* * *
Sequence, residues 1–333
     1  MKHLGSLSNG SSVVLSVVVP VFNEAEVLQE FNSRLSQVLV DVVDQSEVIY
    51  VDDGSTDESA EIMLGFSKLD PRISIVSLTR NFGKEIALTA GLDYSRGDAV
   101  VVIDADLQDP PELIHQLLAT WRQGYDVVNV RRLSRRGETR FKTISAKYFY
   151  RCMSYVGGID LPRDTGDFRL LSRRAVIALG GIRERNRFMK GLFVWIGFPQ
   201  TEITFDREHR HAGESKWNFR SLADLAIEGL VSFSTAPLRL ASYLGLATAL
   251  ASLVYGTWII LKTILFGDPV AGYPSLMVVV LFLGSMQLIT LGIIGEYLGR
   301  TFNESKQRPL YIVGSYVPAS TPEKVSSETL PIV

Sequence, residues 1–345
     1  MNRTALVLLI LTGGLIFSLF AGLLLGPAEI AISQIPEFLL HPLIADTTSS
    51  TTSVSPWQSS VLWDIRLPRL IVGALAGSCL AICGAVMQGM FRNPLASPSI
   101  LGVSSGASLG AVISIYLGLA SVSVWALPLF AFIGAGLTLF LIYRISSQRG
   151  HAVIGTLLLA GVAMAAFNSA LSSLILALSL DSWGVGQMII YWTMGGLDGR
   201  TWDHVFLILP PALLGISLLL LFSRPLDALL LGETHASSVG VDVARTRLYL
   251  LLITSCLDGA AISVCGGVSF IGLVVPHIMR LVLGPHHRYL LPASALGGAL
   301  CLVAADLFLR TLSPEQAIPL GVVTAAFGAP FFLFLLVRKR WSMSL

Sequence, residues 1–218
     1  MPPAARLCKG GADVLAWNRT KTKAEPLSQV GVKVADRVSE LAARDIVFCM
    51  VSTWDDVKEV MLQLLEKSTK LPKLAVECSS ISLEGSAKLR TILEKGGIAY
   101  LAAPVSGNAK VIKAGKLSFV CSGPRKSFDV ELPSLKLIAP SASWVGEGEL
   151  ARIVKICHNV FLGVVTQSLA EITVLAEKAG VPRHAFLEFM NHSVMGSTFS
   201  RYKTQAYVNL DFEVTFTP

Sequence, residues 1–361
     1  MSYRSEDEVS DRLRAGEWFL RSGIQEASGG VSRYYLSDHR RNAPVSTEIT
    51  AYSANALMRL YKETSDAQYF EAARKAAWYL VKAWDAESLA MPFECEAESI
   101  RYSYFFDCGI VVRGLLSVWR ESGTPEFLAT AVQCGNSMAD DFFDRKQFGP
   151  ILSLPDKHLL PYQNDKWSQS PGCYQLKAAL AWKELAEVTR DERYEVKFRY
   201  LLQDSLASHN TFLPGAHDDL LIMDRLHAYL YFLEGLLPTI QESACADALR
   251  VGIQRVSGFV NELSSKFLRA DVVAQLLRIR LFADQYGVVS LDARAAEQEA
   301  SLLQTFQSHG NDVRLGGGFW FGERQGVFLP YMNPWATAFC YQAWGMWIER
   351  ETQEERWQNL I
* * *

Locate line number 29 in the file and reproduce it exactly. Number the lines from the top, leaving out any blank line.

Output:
   251  VGIQRVSGFV NELSSKFLRA DVVAQLLRIR LFADQYGVVS LDARAAEQEA